JB: Yeah, you always want to get up there and do your fair share of damage at the plate and when pitchers are walking you, it's kind of hard to do that. It takes you out of your game. You start chasing pitches and trying to do too much. I think that is what I started to do towards the end of the season. They had me working on that in Instructs this year, picking one pitch and waiting until I got it.

OC: Were you discouraged at all that you weren't promoted during the season?

JB: At first it was discouraging. It is always nice to get promoted. All of these pitchers kept getting promoted and every time they were going to announce that someone was going somewhere, I was hoping it would be me, and it wasn't. Finally, I just said, ‘to heck with it' and figured that I might as well do my best where I am. I can't control that process, I can't promote myself, so it really wasn't that big of a deal towards the end of the season once I figured I was going to stay [in Kane County].

OC: Are you hoping for a two-level jump to Double-A this year?

JB: Hoping to. [laughing] I don't know what is going to happen, but I'll sit back and wait until we hear something at spring training.

OC: What has your off-season preparation been like this year?

JB: Same as last year. I have a twin brother at home, so we throw and hit and do what we need to do to get ready for the season. I'm actually in Arizona right now, going to the A's complex every day, doing pretty much the same stuff I was doing back home with some of the guys.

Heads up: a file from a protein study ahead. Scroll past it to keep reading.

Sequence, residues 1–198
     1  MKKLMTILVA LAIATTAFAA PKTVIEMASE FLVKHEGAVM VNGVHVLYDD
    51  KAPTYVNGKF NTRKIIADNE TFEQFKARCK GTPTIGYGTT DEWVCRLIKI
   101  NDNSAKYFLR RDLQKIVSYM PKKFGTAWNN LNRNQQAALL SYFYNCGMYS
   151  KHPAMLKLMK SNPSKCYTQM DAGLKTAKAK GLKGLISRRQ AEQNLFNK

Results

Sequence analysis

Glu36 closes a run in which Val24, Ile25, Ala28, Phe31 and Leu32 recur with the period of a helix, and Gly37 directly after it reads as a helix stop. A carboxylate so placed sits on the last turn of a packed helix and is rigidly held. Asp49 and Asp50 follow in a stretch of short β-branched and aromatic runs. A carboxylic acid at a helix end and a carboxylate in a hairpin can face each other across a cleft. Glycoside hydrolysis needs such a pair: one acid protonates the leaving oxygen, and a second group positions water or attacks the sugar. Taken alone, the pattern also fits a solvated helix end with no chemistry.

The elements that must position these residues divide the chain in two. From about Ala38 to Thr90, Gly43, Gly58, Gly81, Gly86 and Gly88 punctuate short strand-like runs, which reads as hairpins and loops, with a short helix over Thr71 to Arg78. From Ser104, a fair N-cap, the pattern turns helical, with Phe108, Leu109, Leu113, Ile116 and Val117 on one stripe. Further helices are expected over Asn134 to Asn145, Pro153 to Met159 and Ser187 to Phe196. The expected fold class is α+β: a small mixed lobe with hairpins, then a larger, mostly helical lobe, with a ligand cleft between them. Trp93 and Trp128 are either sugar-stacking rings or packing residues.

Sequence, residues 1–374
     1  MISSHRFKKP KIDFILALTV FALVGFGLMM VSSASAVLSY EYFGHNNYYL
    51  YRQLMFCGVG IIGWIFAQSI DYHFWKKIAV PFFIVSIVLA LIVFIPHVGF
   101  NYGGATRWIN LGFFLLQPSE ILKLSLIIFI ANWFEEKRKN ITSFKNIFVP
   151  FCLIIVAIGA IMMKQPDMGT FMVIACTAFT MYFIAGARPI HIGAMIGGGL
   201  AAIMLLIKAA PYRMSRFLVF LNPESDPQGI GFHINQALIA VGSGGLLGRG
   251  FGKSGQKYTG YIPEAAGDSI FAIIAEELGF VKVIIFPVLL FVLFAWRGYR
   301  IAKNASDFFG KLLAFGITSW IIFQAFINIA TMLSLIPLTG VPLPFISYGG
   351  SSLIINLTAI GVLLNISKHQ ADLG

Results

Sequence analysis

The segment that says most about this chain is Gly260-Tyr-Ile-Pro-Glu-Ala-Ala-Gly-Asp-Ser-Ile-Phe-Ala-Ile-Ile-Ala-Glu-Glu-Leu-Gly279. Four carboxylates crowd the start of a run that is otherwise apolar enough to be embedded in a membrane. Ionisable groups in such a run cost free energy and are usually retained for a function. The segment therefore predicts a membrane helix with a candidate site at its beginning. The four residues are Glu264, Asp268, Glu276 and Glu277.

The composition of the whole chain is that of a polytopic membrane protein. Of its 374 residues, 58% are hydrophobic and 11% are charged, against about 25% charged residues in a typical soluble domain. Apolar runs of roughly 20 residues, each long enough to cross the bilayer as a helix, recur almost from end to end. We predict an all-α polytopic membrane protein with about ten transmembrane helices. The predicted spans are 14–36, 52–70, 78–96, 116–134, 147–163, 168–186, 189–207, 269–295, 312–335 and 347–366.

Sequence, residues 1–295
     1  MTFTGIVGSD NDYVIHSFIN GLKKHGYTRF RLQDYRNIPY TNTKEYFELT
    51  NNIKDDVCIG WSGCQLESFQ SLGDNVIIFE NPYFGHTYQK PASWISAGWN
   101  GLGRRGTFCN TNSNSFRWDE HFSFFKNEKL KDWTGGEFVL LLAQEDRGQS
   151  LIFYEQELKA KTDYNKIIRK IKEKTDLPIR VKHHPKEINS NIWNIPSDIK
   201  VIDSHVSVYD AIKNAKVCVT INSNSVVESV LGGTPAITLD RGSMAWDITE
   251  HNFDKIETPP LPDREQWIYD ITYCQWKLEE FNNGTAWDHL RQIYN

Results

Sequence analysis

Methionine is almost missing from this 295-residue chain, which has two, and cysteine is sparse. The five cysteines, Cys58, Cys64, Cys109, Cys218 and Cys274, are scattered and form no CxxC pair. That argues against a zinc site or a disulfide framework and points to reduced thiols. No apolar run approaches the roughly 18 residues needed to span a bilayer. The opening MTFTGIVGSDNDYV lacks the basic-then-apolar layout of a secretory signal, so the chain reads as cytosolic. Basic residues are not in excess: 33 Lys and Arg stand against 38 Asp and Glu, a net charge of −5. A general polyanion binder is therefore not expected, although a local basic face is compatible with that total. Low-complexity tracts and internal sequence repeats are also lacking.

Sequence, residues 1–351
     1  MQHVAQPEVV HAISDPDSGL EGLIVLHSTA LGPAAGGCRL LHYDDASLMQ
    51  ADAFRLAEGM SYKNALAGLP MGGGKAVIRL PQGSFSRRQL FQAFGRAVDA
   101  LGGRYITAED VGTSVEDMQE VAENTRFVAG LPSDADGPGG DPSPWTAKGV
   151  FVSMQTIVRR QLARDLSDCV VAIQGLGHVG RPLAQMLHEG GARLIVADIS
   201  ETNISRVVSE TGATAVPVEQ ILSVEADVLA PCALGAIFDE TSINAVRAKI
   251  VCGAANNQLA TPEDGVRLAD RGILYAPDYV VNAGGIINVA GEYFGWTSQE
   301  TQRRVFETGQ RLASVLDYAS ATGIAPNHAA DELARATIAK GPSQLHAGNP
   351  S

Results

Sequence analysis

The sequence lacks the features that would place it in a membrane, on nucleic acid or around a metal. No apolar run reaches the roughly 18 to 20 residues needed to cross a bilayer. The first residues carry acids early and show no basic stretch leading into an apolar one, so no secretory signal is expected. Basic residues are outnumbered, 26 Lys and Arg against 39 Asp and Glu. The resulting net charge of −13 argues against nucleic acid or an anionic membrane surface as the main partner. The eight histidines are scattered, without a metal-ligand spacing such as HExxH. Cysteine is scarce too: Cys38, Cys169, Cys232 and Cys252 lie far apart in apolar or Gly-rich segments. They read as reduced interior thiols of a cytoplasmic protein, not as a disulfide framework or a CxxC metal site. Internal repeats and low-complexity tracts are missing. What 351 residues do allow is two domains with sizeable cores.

OC: Your twin brother is in the Yankees chain, right?

JB: Yep.

OC: Did you guys compare notes about the two organizations after the season was over? Is it easier to have a brother going through the same steps that you are in baseball?

JB: Yeah, it is helpful. My older brother played minor league baseball as well, so from the start I kind of knew what to expect. It is a lot of help. I helped [his twin brother] out during his first season, as well. [Jeff's twin brother, Brian, took a fifth year at University of South Florida and was drafted in 2006.] It is always nice to have someone to talk to who knows what the system is like.

OC: Do you keep in touch with your college teammate and fellow A's farmhand Myron Leslie? Did you follow his move from third base to the outfield this season?

JB: Yeah, I followed it a little. We talk every now and then. I don't know how the outfield will work for him, but he is a big guy and it seemed like he started hitting better once he got out there. I'm sure he doesn't mind as long as he gets to play.

OC: Scouts have always had good things to say about your defense. How much work do you put into that and how much pride do you take in the defensive-side of your game?

JB: I take defense very seriously. It goes unnoticed a lot, but that doesn't bother me. Mostly, I have been working a lot with the minor league fielding instructors at the A's complex. I have a ways to go to get as good as I want to be, but I have made a lot of progress since I came to the A's.

OC: Is there anything in particular that you've worked on defensively since you came to the pros? Is the footwork different or the reaction time from playing against wooden bats as opposed to aluminum ones?

JB: The footwork is the same. A groundball is a groundball at any level, but they have helped me to be ready for every pitch and to get a quicker first step and better angles and all of the little stuff that people don't necessarily notice when you are out there that make all of the difference.

OC: What are your expectations heading into spring training this year?

JB: To repeat. I guess that people might be paying more attention to me and might know who I am a bit more because of last year. Hopefully I can put up the same kind of numbers, but at a higher level.